Archive for Sunday, April 9, 2006

Pastor with rare blood illness remembered, hailed as pioneer

Friends call her a ‘burst of energy’

April 9, 2006


The Rev. Denise Hygh fought off multiple myeloma, a very rare blood disease, for almost 10 years.

The pastor at Central United Methodist Church, 1501 Mass., died Thursday after another bout with liver cancer.

When she first started at the church in 2004, she was known as a pioneer in ministry and believed to be the first black woman pastor in Lawrence.

But Hygh was accustomed to leading a predominantly white church after her stints at the First United Methodist Church in Independence and Lenexa United Methodist Church.

In September 2004, Hygh told the Journal-World how she viewed her job.

"I don't look at it (the ministry) in terms of race. It just always turns out that I am 'the one.' I look at it as an opportunity to serve, to be God's instrument of peace and love," Hygh said.

Church member John Ruckman said Hygh helped the congregation adjust quickly.

"It took us all of about a week that that faded away and her personality took that over," Ruckman said.

Hygh's friendliness and her strong work ethic were also evident in her days at the church.

"She was a real burst of energy," Ruckman said. "Not any one specific issue that she did sticks out, but she was behind everything that we did."

Rev. Denise Hygh.  Former pastor of Central United Methodist Church, 1501 Mass.

Rev. Denise Hygh. Former pastor of Central United Methodist Church, 1501 Mass.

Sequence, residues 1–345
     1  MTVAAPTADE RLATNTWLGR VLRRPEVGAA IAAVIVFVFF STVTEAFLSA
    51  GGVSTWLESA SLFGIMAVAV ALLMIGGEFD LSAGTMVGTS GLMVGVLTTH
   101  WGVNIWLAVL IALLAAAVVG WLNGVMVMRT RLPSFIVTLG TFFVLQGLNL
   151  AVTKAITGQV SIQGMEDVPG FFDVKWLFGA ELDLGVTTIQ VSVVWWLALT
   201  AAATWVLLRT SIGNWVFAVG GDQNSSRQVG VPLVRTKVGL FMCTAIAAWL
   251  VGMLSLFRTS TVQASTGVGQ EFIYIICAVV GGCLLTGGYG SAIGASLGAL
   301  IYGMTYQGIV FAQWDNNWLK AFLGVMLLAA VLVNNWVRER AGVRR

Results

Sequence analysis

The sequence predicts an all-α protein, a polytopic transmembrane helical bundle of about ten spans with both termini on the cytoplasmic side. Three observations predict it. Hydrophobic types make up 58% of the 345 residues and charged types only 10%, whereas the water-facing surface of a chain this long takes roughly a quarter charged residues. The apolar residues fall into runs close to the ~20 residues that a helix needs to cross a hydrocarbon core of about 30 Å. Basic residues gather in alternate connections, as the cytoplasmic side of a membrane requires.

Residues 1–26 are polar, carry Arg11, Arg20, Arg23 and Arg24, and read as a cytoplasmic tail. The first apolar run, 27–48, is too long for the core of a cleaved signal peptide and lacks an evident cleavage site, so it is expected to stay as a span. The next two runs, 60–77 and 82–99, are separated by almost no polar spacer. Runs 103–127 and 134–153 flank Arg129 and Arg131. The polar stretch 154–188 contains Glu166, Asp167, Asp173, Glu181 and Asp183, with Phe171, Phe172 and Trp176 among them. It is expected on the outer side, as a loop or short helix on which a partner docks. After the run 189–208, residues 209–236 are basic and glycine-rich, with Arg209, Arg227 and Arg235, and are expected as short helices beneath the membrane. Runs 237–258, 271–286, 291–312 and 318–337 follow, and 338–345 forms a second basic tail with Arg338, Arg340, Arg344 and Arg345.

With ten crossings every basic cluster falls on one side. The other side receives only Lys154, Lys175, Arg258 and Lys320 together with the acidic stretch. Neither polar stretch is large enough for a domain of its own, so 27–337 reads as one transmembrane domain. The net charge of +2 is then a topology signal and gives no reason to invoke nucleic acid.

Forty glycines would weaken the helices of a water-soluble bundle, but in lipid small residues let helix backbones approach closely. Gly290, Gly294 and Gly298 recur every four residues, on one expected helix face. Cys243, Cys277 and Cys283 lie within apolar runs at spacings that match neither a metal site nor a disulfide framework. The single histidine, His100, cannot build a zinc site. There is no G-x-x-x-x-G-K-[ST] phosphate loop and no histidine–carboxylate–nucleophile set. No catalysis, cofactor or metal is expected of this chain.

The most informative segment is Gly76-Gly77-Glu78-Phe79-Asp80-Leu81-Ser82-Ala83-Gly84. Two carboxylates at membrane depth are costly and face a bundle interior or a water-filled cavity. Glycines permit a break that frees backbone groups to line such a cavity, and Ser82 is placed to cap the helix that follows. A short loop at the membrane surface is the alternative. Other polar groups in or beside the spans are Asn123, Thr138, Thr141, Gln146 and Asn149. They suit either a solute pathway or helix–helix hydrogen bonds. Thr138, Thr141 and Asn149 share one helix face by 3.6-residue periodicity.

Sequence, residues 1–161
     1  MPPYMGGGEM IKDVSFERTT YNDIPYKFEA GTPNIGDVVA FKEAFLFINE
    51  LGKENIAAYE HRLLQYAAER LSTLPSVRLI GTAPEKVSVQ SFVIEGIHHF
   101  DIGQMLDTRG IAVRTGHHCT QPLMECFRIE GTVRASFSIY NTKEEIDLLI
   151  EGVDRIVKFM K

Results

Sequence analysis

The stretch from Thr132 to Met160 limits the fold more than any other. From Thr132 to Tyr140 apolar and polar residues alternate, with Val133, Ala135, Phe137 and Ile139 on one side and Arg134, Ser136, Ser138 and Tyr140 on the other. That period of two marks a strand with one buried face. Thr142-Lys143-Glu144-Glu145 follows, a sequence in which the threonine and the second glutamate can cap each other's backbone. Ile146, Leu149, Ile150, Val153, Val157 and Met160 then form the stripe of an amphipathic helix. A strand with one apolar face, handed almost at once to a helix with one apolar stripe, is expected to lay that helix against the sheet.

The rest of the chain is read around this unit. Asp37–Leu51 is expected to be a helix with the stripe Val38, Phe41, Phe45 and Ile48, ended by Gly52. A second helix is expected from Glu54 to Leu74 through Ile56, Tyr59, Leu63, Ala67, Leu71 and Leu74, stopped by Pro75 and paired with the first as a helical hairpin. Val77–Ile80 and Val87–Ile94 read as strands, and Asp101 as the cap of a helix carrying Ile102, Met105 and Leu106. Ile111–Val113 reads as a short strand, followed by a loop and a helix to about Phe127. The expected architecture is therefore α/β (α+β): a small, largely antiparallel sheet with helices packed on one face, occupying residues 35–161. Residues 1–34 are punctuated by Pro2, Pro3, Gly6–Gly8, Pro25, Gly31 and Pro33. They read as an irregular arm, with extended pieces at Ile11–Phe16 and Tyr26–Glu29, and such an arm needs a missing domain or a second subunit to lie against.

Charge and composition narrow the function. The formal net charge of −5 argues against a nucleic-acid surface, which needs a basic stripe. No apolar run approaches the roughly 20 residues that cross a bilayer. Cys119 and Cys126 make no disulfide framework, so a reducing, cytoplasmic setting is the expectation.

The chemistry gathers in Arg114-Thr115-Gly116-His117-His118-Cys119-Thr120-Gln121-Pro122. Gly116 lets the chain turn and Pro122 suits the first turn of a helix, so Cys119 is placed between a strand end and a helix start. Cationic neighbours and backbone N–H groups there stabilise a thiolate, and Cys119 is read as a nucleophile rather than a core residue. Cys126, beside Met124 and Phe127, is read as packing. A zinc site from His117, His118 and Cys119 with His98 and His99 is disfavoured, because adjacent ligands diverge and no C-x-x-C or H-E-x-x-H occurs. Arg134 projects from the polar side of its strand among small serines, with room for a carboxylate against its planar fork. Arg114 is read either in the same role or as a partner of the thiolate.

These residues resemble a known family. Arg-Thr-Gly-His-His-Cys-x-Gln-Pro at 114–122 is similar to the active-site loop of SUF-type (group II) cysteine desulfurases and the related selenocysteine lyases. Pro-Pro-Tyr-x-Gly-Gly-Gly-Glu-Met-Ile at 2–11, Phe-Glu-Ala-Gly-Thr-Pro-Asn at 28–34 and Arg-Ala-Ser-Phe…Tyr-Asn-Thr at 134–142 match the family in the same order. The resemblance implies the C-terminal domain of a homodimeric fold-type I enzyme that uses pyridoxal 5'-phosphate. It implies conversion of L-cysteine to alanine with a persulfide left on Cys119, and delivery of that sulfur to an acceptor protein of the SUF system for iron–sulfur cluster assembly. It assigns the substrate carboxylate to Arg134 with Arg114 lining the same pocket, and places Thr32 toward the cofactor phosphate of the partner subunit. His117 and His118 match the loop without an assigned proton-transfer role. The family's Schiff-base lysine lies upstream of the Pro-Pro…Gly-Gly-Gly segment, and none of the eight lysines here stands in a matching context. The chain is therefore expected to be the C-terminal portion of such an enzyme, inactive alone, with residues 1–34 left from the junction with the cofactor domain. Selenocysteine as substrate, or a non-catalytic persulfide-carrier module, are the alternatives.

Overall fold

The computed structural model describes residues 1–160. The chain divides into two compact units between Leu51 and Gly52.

The Rev. Gayla Rapp, of the Wesley KU United Methodist Campus Ministry, moved to Lawrence about the same time Hygh did. The two leaned on each other, and Rapp came to know Hygh's enthusiasm for helping and conversing with others.

"When she came into a room, she reached out to people and hugged people," Rapp said.

Rapp also described Hygh as a person of deep Christian faith with "concern for the oppressed and compassion for all people."

Shortly after they met, Hygh asked Rapp to drive her to the Kansas City area for a cancer treatment. The treatment left Hygh groggy. A nurse had instructed Rapp to let Hygh take it easy for the rest of the day, but Hygh refused.

"I remember thinking then that it is just a statement about who she is. She is just full of life. She was a life force," Rapp said.

Rapp has filled the pulpit for Hygh at the church since Feb. 1, and the church members gathered at noon Thursday for a special service.

Hygh's son, Anthony, is a student at Baker University. She is originally from the New Orleans area and earned a master's of divinity in 1998 from St. Paul School of Theology in Kansas City, Mo.


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